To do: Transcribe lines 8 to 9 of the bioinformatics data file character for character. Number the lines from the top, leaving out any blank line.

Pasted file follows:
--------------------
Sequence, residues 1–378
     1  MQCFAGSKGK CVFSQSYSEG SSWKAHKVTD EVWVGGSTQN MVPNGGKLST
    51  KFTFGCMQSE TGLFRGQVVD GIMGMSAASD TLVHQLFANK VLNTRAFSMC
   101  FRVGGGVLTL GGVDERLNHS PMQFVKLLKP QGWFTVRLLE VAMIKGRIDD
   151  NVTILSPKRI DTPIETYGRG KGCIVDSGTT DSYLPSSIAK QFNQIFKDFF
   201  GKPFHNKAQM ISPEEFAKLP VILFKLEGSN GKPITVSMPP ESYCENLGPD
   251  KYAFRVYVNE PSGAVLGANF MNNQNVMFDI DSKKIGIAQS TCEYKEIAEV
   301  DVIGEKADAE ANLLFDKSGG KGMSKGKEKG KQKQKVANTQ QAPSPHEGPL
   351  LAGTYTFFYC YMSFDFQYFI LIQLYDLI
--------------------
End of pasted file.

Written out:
   301  DVIGEKADAE ANLLFDKSGG KGMSKGKEKG KQKQKVANTQ QAPSPHEGPL
   351  LAGTYTFFYC YMSFDFQYFI LIQLYDLI